The “fork” that Corey “took” was actually a Raptors assistant coach.
One day while hooping it up at Dykman, Charlie Villanueva and the aforementioned assistant coach snuck into the crowd. Hom recognized them and knew they were there to see him. Nobody else picked up on it. By halftime, with 20 points already on the board for Homicide, legend has it, the Raptors staffer called up Sam Mitchell, then the Raps head coach, and told him there was a guy at the park he could use on the team immediately. Soon thereafter, Toronto flew Homicide out to run with them in a mini-camp. The fork presented was taken.
“I got that opportunity. You either got to man up or bitch up, cause you’re never going to get an opportunity like that again.”
Williams wasn’t just an extra body for the Raptors that summer; he actually had a legit shot at making the squad. Corey was among three guards brought in to fight for the backup pg spot on the team. When the first guy got cut, and then Robert Pack got cut, Hom was in. It was his spot. That is until the team doctors declared previously sidelined pg, Alvin Williams, good to go. “If Alvin Williams wasn’t able to play, I woulda been with Toronto.”
Instead, Corey wound up in the D-League, leading Dakota the D in assists, en route to winning the minor league’s championship. Hom was ready after the season, and confident, that he would be able to crack an NBA roster the following season.
“The year I played summer league for Golden State, Keith Smart was coaching. Now before I even got there, they told my agent I was gonna play at least half a game. Great! I was excited,” says Homicide, words flying out of his mouth. “That’s all I wanted was the chance to show I could play. Then at breakfast before the first game, Smart got up and said: ‘I’m gonna play Warriors’ players first. And if your agent calls me to complain, I’m sending you home.’ So I had no choice. I sat there and took it. I did what I could when I found myself on the court. But what can you do in seven minutes?” asked Hom, pain evident in his voice. “Just play hard. That’s what I did.”
Suffice to say, Corey didn’t make the Warriors roster, or any other team for that matter. But sometimes blessings come oddly wrapped. This diss was one of those occasions.
Homicide had already tried, and disliked, Euro ball. But with the NBA showing little interest, Corey refocused his attention across the pond—except this time he looked even further away. Corey Williams, a man raised in the Bronx, signed a contract with a team in the NBL—the National Basketball League…of Australia.
Two years and dozens of highlights later, Hom—carrying NBL averages of 19, 4 and 4— signed on to play a third season in 2009-2010 for the Townsville Crocodiles.
“Australia has been good to me. Guys play in a lot of places, and I’ve jumped around a lot of places, but I’ve never had as much success as I’ve had here. So why leave? You find your niche, you stay there. It’s working for me, and they’re good to me, so I’m staying.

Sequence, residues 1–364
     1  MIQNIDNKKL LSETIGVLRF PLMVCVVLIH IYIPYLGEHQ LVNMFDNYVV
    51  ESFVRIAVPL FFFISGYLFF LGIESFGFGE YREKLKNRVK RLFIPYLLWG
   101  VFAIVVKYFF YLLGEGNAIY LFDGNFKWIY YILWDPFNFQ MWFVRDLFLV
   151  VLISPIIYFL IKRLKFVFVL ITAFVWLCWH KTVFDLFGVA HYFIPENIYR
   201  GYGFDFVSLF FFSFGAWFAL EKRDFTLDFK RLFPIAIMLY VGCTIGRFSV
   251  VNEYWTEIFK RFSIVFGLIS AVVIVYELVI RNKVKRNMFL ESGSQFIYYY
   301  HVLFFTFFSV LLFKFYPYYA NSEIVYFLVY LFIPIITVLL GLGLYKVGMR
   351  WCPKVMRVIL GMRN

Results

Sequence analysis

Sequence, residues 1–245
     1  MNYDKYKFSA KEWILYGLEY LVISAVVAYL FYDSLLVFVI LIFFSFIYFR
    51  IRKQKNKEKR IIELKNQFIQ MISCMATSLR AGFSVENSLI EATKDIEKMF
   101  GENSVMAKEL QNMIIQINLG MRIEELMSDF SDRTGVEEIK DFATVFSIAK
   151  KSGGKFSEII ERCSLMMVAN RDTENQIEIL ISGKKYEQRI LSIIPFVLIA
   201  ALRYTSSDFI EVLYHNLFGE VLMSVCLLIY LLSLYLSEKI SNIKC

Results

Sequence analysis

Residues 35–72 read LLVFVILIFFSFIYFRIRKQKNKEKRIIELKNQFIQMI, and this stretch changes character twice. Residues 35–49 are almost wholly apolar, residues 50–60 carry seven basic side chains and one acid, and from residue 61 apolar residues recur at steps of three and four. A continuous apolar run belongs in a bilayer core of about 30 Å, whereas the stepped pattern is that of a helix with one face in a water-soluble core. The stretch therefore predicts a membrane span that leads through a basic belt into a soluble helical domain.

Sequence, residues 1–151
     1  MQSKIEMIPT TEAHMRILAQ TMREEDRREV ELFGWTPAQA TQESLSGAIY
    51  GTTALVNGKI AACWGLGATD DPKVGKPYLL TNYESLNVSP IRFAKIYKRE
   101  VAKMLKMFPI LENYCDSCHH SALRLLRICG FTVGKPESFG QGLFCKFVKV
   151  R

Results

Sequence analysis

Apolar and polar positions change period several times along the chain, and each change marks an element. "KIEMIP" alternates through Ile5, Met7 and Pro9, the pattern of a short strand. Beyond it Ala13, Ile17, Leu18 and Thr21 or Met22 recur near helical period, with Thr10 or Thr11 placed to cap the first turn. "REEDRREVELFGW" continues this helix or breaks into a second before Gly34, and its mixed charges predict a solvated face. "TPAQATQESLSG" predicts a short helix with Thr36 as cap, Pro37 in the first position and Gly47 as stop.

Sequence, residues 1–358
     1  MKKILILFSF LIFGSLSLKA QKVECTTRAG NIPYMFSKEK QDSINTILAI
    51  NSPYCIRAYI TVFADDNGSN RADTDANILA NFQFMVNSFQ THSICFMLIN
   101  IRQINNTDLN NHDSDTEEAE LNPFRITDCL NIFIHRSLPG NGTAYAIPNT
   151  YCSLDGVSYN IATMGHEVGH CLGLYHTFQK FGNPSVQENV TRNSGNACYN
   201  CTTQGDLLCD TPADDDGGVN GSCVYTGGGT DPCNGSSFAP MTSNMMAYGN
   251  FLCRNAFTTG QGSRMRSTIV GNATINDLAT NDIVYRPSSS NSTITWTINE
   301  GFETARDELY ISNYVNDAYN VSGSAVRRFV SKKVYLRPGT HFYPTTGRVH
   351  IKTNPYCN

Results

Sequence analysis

So I might not make as much money as at a European powerhouse team in Spain, Greece or wherever, but I’m getting paid. I get direct deposit. I don’t even look for my check. I don’t know any other player who can tell you that. I’m good like that. And when I walk around here, they got love for me. I don’t pay for much. I don’t even walk around with my wallet. So I don’t want to knock nobody’s hustle, but guys have to work twice as hard in Europe to get what I got here.”
Before signing his contract for next season—one that has an NBA exemption clause, according to Williams—and after being named Townsville’s MVP last season, Homicide accepted an invite to play in an Atlanta Hawks mini-camp—one that is taking place as you read this.
Hom isn’t delusional; he doesn’t expect a roster spot to open for him in ATL., but he’s happy with the situation. “It’s not summer league, it’s a mini-camp. That means we’re all gonna be in the gym, we’re all gonna play together. Pretty much it’s like pickup basketball with guys the Hawks are looking at.” What goes unsaid is that Corey is good with the situation because mini-camp means he can’t get benched for the week, and be forced to watch the action from the sideline.
Almost 32 years old and not getting any younger, Hom is just happy for this opportunity to showcase his skills for an NBA team—even if one of local writer spelled his name wrong and didn’t know who he was, a mere few days before camp started. “This is what I work for this is what I run for. I’m gonna give it all I got. Whatever’s after that, I can’t control.”
So next year, barring a miraculous offer from an NBA team, Homicide will be back in Australia. For the rest of the summer, though, Hom plans on taking it back to courts of New York—if only for one last summer.
“This was supposed to be my last summer running [in the streetball tournaments], but I ain’t been around really, so I can’t count it. So I’ll say, next summer is gonna be my last. There’s not much more I can prove out there. I never planned on being a playground player for life. That’s not me. I have plans and other avenues that I’m going. I strategized. I don’t need those checks anymore. Eights summers is plenty.”
As Corey “Homicide” Williams and I wound down our conversation, he began winding up for something else—a nice, long run around the mountains outside of L.A. And he’s gonna keep racing on, until he reaches the mountain’s peak—wherever and however high that may be.
Read “Where They At: John Tootie Allen… here.